In the Diane Lane movie, “Under A Tuscan Sun,” Lane plays a middle-aged writer who comes home one day to find her husband in bed with a much younger woman. Her marriage in ruins and life in shambles, she sells the house, cashes in all her chips, packs a box of books and her laptop, and heads to Tuscany, Italy on a vacation. As the bus winds along a rural road in wine country, she spots an old, regal house for sale, stops to take a look, and in the end elects to buy it on a whim and never go home. It certainly was better than the “down and out” apartment she was renting where she went to sleep each night listening to her neighbor cry and wail because his wife had left him.
It was a bold leap of faith, and on her first night in her new house, the roof leaked, the windows broke open and blew in debris, and lightning struck the trees and icebox outside. Lane’s character spent the night hunkered in bed simply trying to stay dry. She was already regretting her decision. “What have I done?” she wondered, bewildered. She assumed she’d made a mistake.
But in the morning, the sun was up, the air was clear, and before long she had enlisted the help of some workers to not only repair the storm damage, but improve the interior and grounds to her liking. For all its faults and age and inconveniences, the home showed promise. It was beautiful, and would be even more so when the work was done.
Lane’s character had purchased the property in the hopes that it would be the change of pace that helped her bury deep wounds, start anew, and provide a refreshing, exotic environment where she could write in peace, muddle through learning Italian, and potentially meet many of the interesting locals. It was ambitious, but she was willing to take the risk. Her greatest dream, despite the infancy of the decision and the wounds from her recent collapsed marriage, was to have her wedding there, to raise a family there, and to feed a crowd there. It wouldn’t be a house by any means, but a home, a busy one, a living one, and the center of a poetic and love-filled life. She dreamed beautifully.
At the risk of spoiling the film (which will still be worth watching if one has the chance), Lane’s character meets with disaster in almost every aspect of her dreams. There is a man, but it doesn’t work out and she’s left just as devastated as she was when her marriage ended (she caught this man cheating, too). The great big family, thus, never comes, and nor is there anybody to cook for, either. It would seem the entire gamble was a mistake, and now she’s stuck with a large, leaky Tuscan house in varying states of disrepair. The house, really, represented her demeanor: hope was there, but buried deeply. Hidden beneath crumbling walls and unpredictable plumbing, and perhaps irrevocably buried.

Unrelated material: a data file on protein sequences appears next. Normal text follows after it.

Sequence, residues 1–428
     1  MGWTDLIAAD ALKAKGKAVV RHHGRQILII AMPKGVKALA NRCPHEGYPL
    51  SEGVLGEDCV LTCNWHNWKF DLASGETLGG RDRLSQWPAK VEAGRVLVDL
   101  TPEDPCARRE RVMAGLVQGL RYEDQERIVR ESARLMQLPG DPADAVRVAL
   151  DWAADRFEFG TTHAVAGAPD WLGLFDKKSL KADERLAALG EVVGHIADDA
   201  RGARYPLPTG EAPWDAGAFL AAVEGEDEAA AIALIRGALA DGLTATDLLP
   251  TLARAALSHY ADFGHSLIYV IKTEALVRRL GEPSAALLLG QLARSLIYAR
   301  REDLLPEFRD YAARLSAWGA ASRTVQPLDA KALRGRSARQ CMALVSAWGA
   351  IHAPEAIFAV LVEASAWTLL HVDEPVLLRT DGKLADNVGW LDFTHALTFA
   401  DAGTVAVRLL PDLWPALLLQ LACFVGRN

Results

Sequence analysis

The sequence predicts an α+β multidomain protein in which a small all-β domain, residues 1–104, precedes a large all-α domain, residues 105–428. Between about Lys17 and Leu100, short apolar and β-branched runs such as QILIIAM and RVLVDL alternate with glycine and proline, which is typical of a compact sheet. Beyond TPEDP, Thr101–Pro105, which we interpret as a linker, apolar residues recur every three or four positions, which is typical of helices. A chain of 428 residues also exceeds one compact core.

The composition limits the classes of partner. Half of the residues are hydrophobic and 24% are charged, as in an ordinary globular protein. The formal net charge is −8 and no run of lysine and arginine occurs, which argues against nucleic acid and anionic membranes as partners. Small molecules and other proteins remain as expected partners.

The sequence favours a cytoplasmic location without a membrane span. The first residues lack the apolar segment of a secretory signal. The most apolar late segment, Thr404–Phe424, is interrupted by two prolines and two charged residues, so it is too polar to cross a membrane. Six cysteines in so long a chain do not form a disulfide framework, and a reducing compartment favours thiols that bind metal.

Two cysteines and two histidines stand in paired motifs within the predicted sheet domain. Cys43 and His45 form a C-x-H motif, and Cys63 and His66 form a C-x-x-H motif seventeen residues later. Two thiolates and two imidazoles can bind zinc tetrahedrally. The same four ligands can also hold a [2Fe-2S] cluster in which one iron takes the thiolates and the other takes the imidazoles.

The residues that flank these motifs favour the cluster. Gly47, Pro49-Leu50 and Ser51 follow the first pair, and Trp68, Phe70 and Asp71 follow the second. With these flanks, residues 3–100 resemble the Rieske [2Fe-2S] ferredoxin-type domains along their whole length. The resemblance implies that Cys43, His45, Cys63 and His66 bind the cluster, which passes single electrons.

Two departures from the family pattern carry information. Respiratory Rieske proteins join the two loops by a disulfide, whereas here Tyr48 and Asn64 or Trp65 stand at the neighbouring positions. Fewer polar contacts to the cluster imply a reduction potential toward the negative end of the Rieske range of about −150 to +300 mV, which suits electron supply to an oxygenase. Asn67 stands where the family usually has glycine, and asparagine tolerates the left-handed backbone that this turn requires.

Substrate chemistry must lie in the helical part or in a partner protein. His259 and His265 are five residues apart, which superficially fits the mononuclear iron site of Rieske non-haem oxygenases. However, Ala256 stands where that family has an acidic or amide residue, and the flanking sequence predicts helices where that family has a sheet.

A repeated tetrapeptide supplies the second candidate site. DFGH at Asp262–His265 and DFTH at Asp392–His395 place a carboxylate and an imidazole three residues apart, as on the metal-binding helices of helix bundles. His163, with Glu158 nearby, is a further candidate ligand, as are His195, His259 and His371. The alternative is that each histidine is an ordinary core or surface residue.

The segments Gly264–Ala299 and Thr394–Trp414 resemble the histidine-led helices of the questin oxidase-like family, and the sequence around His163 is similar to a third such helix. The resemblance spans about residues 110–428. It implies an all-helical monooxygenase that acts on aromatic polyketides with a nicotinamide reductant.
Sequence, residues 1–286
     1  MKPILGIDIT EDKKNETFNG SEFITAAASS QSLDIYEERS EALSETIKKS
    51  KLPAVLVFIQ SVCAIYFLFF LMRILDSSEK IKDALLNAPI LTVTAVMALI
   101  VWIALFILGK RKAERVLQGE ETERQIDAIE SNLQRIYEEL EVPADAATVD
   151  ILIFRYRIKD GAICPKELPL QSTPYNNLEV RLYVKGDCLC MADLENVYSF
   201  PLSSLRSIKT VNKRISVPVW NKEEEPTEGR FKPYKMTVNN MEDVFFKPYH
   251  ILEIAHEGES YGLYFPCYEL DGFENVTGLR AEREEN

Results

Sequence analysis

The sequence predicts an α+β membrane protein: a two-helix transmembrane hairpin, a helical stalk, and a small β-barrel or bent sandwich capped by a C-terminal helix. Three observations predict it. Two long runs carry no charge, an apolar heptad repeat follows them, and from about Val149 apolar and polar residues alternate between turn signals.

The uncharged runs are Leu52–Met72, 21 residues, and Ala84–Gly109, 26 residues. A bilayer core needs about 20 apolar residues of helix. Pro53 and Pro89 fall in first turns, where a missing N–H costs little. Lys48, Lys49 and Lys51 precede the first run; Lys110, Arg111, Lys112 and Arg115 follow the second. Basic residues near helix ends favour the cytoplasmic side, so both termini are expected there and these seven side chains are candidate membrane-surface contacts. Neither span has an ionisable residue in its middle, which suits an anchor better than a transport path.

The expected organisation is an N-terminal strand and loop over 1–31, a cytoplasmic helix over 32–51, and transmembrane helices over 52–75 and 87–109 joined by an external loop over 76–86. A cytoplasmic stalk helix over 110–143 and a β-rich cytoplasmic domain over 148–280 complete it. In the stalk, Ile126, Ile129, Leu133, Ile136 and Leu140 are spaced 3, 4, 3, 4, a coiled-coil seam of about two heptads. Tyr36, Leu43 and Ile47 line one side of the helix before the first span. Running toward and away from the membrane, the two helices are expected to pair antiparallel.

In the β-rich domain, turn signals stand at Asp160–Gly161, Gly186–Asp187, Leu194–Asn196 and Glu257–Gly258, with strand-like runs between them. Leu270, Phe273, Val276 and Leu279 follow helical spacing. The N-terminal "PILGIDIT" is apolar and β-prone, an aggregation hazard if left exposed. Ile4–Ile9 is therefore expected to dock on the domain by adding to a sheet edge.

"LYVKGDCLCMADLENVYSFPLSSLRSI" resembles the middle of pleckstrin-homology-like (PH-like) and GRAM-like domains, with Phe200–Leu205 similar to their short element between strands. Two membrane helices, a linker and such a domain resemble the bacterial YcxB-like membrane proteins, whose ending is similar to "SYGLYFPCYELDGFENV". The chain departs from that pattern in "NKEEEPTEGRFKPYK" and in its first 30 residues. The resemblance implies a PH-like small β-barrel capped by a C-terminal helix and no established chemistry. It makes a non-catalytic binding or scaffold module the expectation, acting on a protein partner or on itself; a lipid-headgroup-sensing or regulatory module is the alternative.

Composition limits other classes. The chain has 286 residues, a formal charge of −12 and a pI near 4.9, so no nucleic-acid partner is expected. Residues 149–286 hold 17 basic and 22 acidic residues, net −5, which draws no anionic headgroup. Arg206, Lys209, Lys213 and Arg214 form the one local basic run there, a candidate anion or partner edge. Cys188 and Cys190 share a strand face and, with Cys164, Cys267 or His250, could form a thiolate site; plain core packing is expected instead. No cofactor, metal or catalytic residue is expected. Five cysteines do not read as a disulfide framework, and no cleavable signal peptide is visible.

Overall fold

But hope returned in a strange and unexpected way. Her friend came to live with her from America, bringing her newborn infant. She came to stay. The three workers renovating her home, accompanied by her friend, filled the table quickly for the crowd she hoped to one day feed. And in time, one of the workers fell in love and married a local girl, in Lane’s home. Despite that nothing went as planned, she was truly living her wish.
The lessons from this story are innumerable, but I derive two very quickly. First, dreams will be had, but few, if any, will come to fruition as anticipated. But they will be similarly good, and they will exceed expectations. We simply need to have the vision for it, and the flexibility that life requires of us. Dreams will come, but not as we planned. We just have to be watchful.
Second, Lane’s character learned that all her dreams, while certainly good ones, were about herself, for herself, and ultimately were to make HER happy. This doesn’t diminish them, per se, but does show their limitation. Dreams with and for other people are far deeper, naturally carry a heavy weight in difficulties, but also a deeper satisfaction in their manifestation. These are lessons I want to remember.
I, too, have dreams, and some not too dissimilar to Lane’s character’s dreams. But even now, I want them to include others. I also want that Tuscan house, but mine will be L-shaped, split level and overlook the southern Mediterranean. The roof will be terra cotta. And I hope it is one day filled with people and I will even learn to cook for them – dining in the patio in late September, windows still open, patio doors thrown wide and the sea breeze lifting the curtains constantly. We’ll have a blessing and we’ll eat, and we’ll all do dishes together, and watch the sun set towards Gibraltar and wander off to bed with the windows still open and the wind still rustling the drapes. It’s not really my dream, but our dream. I don’t know who these people are, whose plates I will be filling, or even when such a house will be built, so for now they’re only dreams. But, I’m inviting other people into them. Perhaps soon we’ll realize them together.
Copyright © 2009, Ben Shaw
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